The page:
“I understood how all the flowers God has created are beautiful, how the splendor of the rose and the whiteness of the lily do not take away the perfume of the little violet or the delightful simplicity of the daisy. I understood that if all flowers wanted to be roses, nature would lose her springtime beauty, and the fields would no longer be decked out with little wildflowers. And so it is in the world of souls, Jesus’ garden… He has created smaller ones and these must be content to be daisies or violets destined to give joy to God’s glances when He looks down at His feet. Perfection consists in doing His will, in being what He wills us to be.”
—Father Paul the abbot, quoting from The Story of a Soul, the autobiography of Saint Thérèse of Lisieux
On listening to God:
“God can work through your imagination. How else would God come to you in prayer? After all, he made your imagination.”
—Father Paul the abbot
“All sorts of things happen in prayer. The kinds of images you experienced are just one way that God comes to us. For some people, it’s mainly emotions that come up—like joy or contentment when they're thinking about God. Other people have memories that bubble up, maybe from childhood, and they feel it heals them in some way. Or it reminds them how much God loved them even when they were young. Sometimes it’s just an insight—like figuring something out about a problem that’s been bugging you. All those things can happen. Then sometimes it seems like nothing is coming up. That can be pretty frustrating. But in those times we have to trust that God is doing some work deep within us. Because any time spent in God’s presence is transformative. But really our main work in prayer is simply to be present to God and open ourselves up. ‘Show up and shut up,’ as one of the monks here likes to say.”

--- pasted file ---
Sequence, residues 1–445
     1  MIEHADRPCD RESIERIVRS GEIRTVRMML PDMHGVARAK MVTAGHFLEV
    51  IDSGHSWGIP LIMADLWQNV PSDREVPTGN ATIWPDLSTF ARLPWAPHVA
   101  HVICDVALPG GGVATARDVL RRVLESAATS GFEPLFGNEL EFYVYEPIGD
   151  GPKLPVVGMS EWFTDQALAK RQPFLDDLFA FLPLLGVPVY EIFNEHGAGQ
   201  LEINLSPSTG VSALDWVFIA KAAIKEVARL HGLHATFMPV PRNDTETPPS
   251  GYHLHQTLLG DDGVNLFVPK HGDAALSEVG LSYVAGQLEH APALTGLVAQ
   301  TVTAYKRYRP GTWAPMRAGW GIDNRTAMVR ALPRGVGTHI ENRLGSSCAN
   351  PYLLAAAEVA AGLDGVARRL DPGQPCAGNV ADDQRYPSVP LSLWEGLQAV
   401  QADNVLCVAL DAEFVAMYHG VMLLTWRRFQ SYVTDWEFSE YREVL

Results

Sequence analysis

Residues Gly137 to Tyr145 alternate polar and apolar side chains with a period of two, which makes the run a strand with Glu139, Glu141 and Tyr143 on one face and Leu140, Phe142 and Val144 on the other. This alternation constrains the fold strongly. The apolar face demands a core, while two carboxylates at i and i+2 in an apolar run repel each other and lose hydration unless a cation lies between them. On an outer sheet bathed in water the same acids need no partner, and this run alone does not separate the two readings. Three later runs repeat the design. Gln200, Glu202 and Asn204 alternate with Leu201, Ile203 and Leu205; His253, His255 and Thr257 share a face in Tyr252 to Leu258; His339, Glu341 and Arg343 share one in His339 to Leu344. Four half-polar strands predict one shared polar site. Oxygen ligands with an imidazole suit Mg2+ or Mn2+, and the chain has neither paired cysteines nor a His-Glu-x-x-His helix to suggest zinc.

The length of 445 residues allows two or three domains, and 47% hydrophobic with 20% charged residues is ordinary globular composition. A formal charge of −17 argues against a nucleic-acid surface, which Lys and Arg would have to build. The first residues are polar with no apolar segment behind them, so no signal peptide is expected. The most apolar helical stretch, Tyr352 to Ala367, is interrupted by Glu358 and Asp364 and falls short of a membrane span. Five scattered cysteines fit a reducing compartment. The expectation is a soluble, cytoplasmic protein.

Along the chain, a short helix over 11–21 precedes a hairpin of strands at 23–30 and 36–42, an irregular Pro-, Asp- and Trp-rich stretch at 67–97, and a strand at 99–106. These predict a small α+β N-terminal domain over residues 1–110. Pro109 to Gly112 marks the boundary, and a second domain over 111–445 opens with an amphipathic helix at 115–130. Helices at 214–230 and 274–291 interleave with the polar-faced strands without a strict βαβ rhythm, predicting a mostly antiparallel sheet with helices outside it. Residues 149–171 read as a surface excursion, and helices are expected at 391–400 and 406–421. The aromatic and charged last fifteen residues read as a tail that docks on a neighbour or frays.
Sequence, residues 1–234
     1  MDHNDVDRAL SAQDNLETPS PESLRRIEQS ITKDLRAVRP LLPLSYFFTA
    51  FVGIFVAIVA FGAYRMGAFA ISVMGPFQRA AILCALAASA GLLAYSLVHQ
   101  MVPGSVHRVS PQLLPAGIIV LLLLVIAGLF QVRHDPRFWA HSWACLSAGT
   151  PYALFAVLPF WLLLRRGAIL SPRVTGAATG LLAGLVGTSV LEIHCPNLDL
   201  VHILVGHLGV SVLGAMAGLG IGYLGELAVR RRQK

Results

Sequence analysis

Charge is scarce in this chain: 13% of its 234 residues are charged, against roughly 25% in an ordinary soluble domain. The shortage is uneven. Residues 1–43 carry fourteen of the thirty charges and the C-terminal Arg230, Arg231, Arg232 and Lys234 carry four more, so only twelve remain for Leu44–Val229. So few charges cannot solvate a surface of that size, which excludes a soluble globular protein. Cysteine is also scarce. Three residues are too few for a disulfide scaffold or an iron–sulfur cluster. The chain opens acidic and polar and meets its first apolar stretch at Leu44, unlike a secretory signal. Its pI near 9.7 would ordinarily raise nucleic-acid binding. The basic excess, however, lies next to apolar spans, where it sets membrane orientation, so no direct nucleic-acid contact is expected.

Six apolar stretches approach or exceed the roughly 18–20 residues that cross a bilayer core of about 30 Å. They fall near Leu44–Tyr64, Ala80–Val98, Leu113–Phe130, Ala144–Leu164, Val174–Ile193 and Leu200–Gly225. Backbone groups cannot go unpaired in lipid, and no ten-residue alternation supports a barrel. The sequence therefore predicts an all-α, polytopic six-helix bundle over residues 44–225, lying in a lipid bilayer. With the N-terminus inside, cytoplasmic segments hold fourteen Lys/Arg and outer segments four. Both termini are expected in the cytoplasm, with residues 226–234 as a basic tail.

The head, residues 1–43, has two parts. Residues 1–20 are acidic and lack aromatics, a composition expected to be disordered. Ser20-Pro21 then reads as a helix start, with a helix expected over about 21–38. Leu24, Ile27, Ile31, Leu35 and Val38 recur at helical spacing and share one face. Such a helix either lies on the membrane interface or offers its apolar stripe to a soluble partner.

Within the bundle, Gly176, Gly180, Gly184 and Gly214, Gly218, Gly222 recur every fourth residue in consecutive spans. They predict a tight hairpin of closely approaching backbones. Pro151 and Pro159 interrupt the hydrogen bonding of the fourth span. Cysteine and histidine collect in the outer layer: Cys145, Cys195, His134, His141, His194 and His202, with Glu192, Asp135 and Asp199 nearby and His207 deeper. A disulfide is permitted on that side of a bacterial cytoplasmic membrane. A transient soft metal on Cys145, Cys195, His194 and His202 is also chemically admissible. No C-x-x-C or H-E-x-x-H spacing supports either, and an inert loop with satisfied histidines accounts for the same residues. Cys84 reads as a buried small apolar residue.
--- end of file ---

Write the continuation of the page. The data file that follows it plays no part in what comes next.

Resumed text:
—Father Paul the abbot
On grace and the spiritual life:
“Spirituality is like spaghetti. When my mother, may she rest in peace, cooked spaghetti, she used to throw a few strands against the kitchen wall. When it stuck, she said it was done. It’s the same in the spiritual life. Not every homily you preach or insight you offer will stick. A lot depends on where the person is, whether they're open to hearing what you have to say, and whether it’s the right time for them to hear it. One day you say something that you think is profound, and they just shrug. A few months later, you say the same thing, and they start crying. Who knows? In other words, a lot of it depends on grace. Maybe all of it.”